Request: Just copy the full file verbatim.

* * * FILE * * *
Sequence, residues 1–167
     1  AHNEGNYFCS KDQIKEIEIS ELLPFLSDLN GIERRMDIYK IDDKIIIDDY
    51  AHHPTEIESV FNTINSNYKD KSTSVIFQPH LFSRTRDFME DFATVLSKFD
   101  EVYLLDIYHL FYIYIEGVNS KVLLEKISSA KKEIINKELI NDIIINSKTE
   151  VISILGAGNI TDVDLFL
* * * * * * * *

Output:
Sequence, residues 1–167
     1  AHNEGNYFCS KDQIKEIEIS ELLPFLSDLN GIERRMDIYK IDDKIIIDDY
    51  AHHPTEIESV FNTINSNYKD KSTSVIFQPH LFSRTRDFME DFATVLSKFD
   101  EVYLLDIYHL FYIYIEGVNS KVLLEKISSA KKEIINKELI NDIIINSKTE
   151  VISILGAGNI TDVDLFL